We've said it before and we'll say it again. Children raised by their families and tribal communities is in the best interest of Native children. #ICWA #NativeChildrenhttps://t.co/HeEzlOApX5— NICWA (@NativeChildren) October 12, 2018
The Nation’s First Family Separation Policy
Forty years ago, three in 10 Indian children were taken from their families.
October 9, 2018 | Christie Renick
The United States’ first family separation policy removed one-third of all American Indian children from their families and tribes.
In the late 1960s, while employed by the Association on American Indian Affairs (AAIA), a New York-based attorney named Bertram Hirsch was sent to North Dakota to assist with a kinship dispute case on behalf of the Spirit Lake Tribe. Child welfare workers were forcibly removing children from family members and placing them in white homes, sometimes out of state. One grandmother had even been jailed after refusing to give up her grandchildren.
At the time, Hirsch says, he had no idea that an alarming number of American Indian children were being taken from their families and permanently placed in homes with white parents. But as he worked on the Spirit Lake case, he began to understand the scope of the problem. And by the time 1969 rolled around, he and the AAIA were deeply engaged in a nationwide data collection project that had him contacting every foster care or adoption agency and institution he could find. He surveyed the Bureau of Indian Affairs, which had the authority to place children at that time, and state social services departments as well as juvenile probation facilities.
Hirsch’s research found that somewhere between 25 and 35 percent of all American Indian children had been placed in adoptive homes, foster homes or institutions.
Around 90 percent of those children were being raised by non-Indians.Many would never see their biological families again.
By the end of 1978, Hirsch had conducted his audit twice. Congressional commissions had convened in Washington numerous times, gathering hundreds of hours of testimony on the government’s egregious treatment of American Indian communities.
In its report to Congress, a task force said,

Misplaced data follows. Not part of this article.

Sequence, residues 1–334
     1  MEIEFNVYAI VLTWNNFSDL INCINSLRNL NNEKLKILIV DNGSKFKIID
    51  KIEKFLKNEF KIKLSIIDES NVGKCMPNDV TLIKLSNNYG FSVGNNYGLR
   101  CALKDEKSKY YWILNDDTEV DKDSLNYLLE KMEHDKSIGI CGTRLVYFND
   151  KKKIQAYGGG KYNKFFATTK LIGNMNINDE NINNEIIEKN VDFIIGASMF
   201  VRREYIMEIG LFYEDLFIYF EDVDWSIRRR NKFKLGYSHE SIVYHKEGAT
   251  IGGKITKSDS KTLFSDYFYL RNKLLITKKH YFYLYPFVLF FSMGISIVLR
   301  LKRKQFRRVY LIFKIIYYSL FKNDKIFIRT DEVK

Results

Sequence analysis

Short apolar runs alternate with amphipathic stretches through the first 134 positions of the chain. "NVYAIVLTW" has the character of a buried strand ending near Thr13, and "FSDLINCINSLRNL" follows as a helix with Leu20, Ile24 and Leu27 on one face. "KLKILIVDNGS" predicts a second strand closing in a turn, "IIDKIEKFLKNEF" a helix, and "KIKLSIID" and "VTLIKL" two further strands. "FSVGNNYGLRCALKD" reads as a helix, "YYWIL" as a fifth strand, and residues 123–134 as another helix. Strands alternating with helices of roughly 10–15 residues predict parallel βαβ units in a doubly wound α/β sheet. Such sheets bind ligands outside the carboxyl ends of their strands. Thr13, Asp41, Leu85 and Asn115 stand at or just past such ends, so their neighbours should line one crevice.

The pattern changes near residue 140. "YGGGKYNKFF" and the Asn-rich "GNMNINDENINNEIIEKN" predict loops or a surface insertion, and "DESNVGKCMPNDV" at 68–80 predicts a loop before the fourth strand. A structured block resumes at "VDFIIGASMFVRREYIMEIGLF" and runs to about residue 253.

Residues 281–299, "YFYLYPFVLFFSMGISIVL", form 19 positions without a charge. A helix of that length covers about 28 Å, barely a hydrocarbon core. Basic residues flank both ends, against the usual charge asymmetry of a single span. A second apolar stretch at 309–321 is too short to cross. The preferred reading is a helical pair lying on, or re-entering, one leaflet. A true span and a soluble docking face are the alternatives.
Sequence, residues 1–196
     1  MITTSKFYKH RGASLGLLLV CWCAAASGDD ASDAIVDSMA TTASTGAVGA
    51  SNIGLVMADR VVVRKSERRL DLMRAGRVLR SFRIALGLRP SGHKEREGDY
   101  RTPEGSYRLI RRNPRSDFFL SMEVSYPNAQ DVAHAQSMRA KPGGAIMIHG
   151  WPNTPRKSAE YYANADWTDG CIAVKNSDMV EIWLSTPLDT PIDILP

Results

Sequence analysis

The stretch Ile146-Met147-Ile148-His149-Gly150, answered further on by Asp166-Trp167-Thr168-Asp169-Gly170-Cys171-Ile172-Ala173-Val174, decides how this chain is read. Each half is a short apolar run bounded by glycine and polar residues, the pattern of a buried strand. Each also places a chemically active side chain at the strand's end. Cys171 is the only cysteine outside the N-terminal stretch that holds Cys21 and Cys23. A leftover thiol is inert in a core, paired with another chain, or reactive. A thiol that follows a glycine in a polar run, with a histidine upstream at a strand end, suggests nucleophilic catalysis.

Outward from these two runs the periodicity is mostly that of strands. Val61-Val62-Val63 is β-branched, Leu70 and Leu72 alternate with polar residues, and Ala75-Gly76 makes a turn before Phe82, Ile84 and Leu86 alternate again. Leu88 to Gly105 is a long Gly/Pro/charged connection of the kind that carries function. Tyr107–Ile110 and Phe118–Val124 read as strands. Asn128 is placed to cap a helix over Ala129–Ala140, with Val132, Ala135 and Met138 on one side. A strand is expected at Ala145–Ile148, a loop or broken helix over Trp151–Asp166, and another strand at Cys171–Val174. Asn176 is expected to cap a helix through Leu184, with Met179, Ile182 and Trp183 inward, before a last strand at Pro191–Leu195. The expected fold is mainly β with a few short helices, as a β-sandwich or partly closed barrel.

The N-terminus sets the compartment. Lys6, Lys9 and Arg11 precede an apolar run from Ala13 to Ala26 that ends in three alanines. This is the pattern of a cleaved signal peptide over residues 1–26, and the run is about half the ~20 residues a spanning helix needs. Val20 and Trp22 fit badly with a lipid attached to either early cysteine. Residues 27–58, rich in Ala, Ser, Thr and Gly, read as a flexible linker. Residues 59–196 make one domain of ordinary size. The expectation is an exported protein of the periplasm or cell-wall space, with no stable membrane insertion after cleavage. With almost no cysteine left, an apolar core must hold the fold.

“The removal of Indian children from their natural homes and tribal setting has been and continues to be a national crisis.”
The government-sanctioned removals were a wound for Native families and tribes that would be torn raw with each new generation.
Hirsch, along with two Congressional staffers, wrote and rewrote a bill to shield American Indian youth from being removed from their families and tribes. A culmination of what Hirsch describes as a huge grassroots effort spanning 11 years and involving thousands of people across the country, the Indian Child Welfare Act (ICWA) was passed at the 11th hour, just before the 95th Congress would come to a close, on October 24, 1978.
“If we didn’t get it passed in the 95th,” Hirsch said, “I’m not sure it ever would have passed.” ICWA defined the political relationship between two sovereigns – tribes and states. It designated that tribes can and must act as parents for their children, just as states do with non-Native children, when biological parents cannot. And it required that preference be given to tribal communities when children must be removed from their homes.
But 40 years later, states still don’t fully understand ICWA. One judge described ICWA as the most ignored federal law in the history of this country. The federal government has no ICWA data reporting requirements in place.Caseworkers and attorneys have been reported as viewing ICWA compliance as optional. Notice to tribes that an Indian child has entered foster care has been delayed by as many as four years, tribes have said.
And just last week, a federal district court judge ruled that the law was unconstitutional, rendering the fate of ICWA uncertain.